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Gay rights back on agenda in New Mexico

Gay rights back on agenda in New Mexico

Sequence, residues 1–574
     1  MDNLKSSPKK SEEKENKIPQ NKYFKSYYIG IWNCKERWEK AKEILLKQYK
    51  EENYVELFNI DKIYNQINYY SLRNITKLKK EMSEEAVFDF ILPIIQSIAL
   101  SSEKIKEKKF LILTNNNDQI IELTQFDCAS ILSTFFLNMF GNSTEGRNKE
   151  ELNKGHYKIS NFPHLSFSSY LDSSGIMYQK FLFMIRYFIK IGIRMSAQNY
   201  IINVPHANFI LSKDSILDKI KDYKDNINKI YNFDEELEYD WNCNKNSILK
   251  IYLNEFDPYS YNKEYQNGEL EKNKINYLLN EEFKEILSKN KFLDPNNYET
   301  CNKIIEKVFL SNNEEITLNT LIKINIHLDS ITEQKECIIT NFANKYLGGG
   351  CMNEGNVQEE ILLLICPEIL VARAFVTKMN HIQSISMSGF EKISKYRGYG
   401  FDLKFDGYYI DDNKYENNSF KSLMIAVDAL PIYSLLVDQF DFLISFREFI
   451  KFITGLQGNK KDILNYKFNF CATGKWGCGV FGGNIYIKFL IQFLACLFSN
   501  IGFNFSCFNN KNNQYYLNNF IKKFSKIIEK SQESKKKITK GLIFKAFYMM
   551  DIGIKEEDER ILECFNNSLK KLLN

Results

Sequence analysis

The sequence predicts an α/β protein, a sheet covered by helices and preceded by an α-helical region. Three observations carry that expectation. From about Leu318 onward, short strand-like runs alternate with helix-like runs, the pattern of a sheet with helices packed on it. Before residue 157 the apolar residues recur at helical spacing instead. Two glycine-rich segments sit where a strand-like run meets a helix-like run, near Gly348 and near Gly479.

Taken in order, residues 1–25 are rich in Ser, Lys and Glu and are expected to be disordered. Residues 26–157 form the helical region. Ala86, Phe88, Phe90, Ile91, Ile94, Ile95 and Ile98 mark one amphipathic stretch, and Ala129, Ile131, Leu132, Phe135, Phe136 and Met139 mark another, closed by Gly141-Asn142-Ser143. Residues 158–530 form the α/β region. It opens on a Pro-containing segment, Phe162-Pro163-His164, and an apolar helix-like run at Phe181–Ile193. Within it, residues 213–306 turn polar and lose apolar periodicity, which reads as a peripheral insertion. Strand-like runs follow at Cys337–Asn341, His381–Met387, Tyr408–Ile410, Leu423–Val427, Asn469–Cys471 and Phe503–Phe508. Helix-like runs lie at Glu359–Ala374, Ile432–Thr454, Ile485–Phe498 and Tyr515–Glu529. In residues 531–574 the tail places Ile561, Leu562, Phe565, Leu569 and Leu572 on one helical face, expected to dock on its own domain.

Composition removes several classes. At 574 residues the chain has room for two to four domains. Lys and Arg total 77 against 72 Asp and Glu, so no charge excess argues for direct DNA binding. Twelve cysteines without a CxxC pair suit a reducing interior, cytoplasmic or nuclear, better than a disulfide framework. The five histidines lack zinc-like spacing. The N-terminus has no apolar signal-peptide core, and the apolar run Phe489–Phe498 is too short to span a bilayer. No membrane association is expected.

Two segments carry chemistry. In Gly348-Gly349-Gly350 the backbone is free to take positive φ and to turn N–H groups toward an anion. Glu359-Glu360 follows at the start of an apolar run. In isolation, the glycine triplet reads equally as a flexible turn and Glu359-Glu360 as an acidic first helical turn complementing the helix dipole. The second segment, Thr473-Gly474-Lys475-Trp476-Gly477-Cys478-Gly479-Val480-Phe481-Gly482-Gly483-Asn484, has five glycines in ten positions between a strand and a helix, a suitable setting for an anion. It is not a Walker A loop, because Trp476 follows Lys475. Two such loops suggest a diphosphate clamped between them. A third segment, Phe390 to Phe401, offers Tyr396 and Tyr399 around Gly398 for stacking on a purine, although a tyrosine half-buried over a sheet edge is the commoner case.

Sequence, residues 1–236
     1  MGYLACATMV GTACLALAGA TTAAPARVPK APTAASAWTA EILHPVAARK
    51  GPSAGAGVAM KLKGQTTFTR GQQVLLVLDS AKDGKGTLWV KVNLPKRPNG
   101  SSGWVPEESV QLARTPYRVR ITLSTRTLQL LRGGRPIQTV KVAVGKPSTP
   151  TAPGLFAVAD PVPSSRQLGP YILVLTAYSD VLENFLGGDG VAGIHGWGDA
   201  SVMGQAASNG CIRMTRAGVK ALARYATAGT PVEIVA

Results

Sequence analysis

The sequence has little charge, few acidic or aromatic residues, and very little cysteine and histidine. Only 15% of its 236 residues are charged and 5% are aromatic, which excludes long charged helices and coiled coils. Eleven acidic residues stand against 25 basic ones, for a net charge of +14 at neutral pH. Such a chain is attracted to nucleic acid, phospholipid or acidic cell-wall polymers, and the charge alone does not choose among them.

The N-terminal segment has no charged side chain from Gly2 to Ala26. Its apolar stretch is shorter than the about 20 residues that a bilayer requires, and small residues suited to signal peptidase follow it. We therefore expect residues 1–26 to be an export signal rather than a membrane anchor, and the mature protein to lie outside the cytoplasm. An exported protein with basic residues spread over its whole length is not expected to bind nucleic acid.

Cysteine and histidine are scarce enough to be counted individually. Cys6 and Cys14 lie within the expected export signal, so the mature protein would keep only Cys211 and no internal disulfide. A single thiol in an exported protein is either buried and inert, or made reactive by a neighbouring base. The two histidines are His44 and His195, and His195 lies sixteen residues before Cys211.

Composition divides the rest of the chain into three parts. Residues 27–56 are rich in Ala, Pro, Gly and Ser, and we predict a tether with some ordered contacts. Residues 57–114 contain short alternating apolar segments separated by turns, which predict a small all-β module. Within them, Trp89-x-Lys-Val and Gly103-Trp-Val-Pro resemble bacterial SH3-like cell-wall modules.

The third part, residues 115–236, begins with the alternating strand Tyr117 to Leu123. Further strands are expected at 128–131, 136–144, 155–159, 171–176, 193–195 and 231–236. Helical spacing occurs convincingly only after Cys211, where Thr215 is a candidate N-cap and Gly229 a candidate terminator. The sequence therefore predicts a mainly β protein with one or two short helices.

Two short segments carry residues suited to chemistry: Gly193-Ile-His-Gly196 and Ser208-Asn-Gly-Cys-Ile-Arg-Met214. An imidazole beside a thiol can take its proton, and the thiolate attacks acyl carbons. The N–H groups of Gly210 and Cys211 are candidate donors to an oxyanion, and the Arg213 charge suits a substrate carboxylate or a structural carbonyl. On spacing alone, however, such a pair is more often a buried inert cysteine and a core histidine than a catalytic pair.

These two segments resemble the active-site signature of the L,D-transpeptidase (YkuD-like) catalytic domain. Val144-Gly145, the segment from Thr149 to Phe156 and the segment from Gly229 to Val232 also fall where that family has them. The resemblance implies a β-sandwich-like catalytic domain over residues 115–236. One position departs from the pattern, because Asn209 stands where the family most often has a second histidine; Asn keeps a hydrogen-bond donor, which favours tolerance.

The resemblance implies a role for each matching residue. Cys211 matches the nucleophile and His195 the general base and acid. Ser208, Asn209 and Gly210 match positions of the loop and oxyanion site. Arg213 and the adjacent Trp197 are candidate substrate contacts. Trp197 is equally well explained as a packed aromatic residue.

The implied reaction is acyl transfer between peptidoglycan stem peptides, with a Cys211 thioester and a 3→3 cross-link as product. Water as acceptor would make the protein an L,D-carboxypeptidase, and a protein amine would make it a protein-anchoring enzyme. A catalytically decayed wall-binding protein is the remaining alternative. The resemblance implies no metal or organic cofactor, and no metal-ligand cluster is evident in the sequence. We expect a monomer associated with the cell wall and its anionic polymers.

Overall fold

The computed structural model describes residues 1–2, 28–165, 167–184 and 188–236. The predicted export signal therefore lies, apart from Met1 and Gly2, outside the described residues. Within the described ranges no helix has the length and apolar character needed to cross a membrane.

Gay rights will be back on the legislative agenda in New Mexico this session as legislators revisit a flawed law--and revive a long-standing debate. After a dozen years of effort, advocates last year managed to win passage of a bill banning discrimination based on sexual orientation. But there was a glitch: The legislature sent Gov. Bill Richardson the wrong version of the bill, and he signed it. "It's disappointing when you think you have something resolved after years and years of trying," said Rep. Gail Beam (D-Albuquerque), a sponsor of last year's legislation. As a result of the mistake, companies with fewer than 15 employees--which constitutes more than one third of the state's private-sector businesses--don't have to comply with any provisions of the state Human Rights Act. Previously, employers were exempt only if they had fewer than four workers. Lawmakers meant the under-15 exemption to apply only to the sexual-orientation provisions that they added to the Human Rights Act. Now those employers also are exempt from the ban on discrimination based on race, religion, age, color, national origin, sex, physical or mental handicaps, and serious medical conditions. "We definitely want to fix that," said Linda Siegle, lobbyist for the Coalition for Equality in New Mexico. The state's Human Rights Division also wants the law fixed, said division director Francie Cordova. In the few months since the change--which took effect in July--the division has continued to take and process complaints against employers with fewer than 15 workers, Cordova said. "We just proceeded as though we had jurisdiction," she said. But if the law remains unchanged, the division will doubtless be challenged in court, she said. The governor has agreed to put legislation correcting the error on the agenda for the 30-day session that began Tuesday, according to a spokesman in his office. That will reopen arguments on a contentious issue--and do so in an election year, when all legislative seats are up for grabs. Opponents will have the opportunity all over again to try to defeat the gay rights provision. "I just think the opportunity before the legislature is...what type of direction our state is going to go in for our children," said Rep. Daniel Foley (R-Roswell), who fought the measure last year. Foley, who sponsored the amendment exempting employers with fewer than 15 workers, said a petition drive to repeal the law has made New Mexicans more aware of the issue--and more likely to press their legislators about it.

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